BUFFALO, N.Y. (WIVB) — United States Magistrate H. Kenneth Schroeder Jr. criticized prosecutors before deciding that Dr. Eugene Gosy can return to his patients as long as he doesn’t write prescriptions.
The judge said his decision to expand Gosy’s role at his clinic is for the patients’ benefit.
When he decided on the original conditions of Gosy’s bail on April 27, Schroeder said he was not aware of the “adverse fallout” that would occur and that there “would be innocent patients that would be put in jeopardy.”
When judges decide on bail they focus on whether the suspect is a danger to the community. In this decision, Schroeder said he was considering the other side of the coin – whether not doing something would trigger a public health crisis.
“We can’t justify doing nothing,” Schroeder said in court.
Schroeder said he was swayed by an appeal from Dr. Robert Milch, an expert in pain medicine and co-founder of Hospice and its former medical director who gave the defense an affidavit that warned of a medical “tsunami” if Gosy’s office was allowed to close.
“I can’t accept that seeing patients constitutes a danger,” Schroeder said in court.
Milch joined two other doctors to treat patients, Nancy Nielsen, senior associate dean for health policy at the University at Buffalo’s Jacob School of Medicine and Biomedical Science and Christopher Kerr, chief medical officer of the Center for Hospice & Palliative Care. But, the physicians who were on loan from their full-time jobs planned to leave by July 28.
If the judge had not allowed Gosy to return to the practice, the doctors were prepared to send notices this week giving patients a 30-day notice to find another doctor. Many patients had complained in early May when Gosy had closed his practice that they could not find doctors willing to take them on. They were being told to go to hospital emergency rooms.
Under Schroeder’s order Gosy can see patients, do medical procedures and recommend prescriptions that must be written by another physician.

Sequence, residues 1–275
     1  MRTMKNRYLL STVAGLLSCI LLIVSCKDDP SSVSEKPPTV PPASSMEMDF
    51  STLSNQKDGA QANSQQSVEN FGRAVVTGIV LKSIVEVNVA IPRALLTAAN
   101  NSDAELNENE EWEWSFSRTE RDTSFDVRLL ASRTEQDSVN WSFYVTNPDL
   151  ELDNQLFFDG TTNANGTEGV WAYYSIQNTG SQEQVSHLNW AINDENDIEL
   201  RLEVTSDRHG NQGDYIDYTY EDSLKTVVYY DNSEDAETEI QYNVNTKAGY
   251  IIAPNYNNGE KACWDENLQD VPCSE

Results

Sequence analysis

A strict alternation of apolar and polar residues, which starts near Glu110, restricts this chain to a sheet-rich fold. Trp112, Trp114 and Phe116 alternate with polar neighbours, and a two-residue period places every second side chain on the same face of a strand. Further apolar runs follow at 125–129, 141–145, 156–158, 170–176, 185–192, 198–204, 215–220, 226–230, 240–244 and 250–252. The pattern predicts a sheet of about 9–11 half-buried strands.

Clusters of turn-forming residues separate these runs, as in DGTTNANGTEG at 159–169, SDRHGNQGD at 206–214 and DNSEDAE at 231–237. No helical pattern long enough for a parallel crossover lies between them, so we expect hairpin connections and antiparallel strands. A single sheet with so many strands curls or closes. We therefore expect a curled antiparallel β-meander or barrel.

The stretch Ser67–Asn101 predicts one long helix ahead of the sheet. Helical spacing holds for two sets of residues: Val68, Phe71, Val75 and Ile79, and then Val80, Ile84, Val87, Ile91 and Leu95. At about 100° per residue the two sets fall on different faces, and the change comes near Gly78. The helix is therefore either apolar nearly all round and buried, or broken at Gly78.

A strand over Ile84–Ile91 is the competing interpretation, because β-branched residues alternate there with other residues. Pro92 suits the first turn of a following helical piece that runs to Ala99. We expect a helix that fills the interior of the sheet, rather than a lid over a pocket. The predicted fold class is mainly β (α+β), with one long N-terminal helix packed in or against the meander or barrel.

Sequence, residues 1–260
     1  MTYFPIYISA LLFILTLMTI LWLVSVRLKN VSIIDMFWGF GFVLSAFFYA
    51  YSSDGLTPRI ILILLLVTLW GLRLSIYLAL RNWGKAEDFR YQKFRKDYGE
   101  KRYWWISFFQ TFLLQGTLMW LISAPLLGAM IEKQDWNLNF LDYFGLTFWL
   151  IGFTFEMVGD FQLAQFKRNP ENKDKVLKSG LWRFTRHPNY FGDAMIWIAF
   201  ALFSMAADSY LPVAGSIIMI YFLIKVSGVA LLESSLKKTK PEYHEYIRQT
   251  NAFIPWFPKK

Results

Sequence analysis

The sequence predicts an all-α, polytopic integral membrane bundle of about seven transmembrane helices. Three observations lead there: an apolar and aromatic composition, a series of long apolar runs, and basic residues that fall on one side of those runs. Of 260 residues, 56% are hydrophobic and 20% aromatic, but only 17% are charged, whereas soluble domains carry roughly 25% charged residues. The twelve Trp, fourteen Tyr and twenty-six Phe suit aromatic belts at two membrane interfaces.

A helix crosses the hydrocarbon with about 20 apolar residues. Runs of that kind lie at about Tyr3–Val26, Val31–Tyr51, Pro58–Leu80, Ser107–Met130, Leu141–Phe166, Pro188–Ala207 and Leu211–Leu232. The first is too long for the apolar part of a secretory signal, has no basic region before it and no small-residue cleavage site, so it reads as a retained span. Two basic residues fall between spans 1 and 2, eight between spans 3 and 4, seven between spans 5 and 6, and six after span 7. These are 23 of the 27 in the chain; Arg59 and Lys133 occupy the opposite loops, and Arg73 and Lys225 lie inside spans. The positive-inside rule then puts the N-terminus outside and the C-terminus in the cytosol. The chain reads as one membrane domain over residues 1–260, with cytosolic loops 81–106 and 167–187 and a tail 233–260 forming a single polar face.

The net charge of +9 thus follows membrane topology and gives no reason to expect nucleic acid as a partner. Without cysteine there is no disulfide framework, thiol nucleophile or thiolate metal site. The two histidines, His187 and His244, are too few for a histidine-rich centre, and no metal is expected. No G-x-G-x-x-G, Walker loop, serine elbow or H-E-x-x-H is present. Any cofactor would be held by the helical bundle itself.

His attorney, Joel Daniels praised the judge’s decision. “He recognized an unprecedented danger that this community would face if Dr. Gosy’s office had to close.”
Despite facing a slew of federal charges, ranging from Health Care Fraud to illegally prescribing narcotics, Schroeder said Gosy’s presence is what’s best for the patients.
“We spoke to Dr. Milch, and he is a physician of exceptional experience and compassion and we’re confident that if it is necessary for him to stay longer, he will,” Daniels told reporters.
Milch told News 4 that he is willing to stay on and see patients but not indefinitely.
He said he’s hopeful that the judge’s decision will allow Gosy to find a partner or be able to enlist other physicians willing to rotate in to help.
The arrangement must be approved by health insurance companies who must be willing to pay the fees and the state health department.
A spokesperson for the state Department of Health said officials are reviewing the judge’s decision. “DOH will continue to work with the local medical community to ensure that Dr. Gosy’s patients continue to have access to proper treatment and pain management services,” the spokesperson said.
In arriving at his decision, Schroeder criticized prosecutors for opposing that Gosy return to the practice. In its filing with the court, prosecutors wrote that there were alternatives to narcotics to treat pain. The government provided no expert or expert statement to back up its claim.
Schroeder said he was impressed with what he heard from Milch, a respected local expert in pain management.
Schroeder also reminded prosecutors that he used to be the United States attorney in this district and knows how a case should be prosecuted.
He called out the government for failing in its written arguments to treat Gosy like he is innocent until proven guilty.
One of the prosecutors on the case told News 4 they’re just relieved Gosy still cannot independently prescribe.
“Our office never sought to prevent him from practicing medicine and our office did not seek to attempt to close his office, that was a decision that he made for his own reasons,” said Assistant U.S. Attorney Russell Ippolito.
The prosecution said it took the possible backlash of Gosy’s office closing into account but said its job is to enforce criminal statutes.